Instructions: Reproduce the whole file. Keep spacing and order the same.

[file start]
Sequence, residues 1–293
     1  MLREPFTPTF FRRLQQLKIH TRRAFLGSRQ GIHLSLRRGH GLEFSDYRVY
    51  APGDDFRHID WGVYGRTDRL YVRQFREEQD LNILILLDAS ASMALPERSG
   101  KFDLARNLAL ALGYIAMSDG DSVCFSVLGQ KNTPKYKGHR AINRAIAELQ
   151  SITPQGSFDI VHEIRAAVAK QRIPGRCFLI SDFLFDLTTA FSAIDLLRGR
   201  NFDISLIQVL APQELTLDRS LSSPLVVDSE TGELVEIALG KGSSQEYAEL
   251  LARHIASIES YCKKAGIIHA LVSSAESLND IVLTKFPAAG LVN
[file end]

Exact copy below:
Sequence, residues 1–293
     1  MLREPFTPTF FRRLQQLKIH TRRAFLGSRQ GIHLSLRRGH GLEFSDYRVY
    51  APGDDFRHID WGVYGRTDRL YVRQFREEQD LNILILLDAS ASMALPERSG
   101  KFDLARNLAL ALGYIAMSDG DSVCFSVLGQ KNTPKYKGHR AINRAIAELQ
   151  SITPQGSFDI VHEIRAAVAK QRIPGRCFLI SDFLFDLTTA FSAIDLLRGR
   201  NFDISLIQVL APQELTLDRS LSSPLVVDSE TGELVEIALG KGSSQEYAEL
   251  LARHIASIES YCKKAGIIHA LVSSAESLND IVLTKFPAAG LVN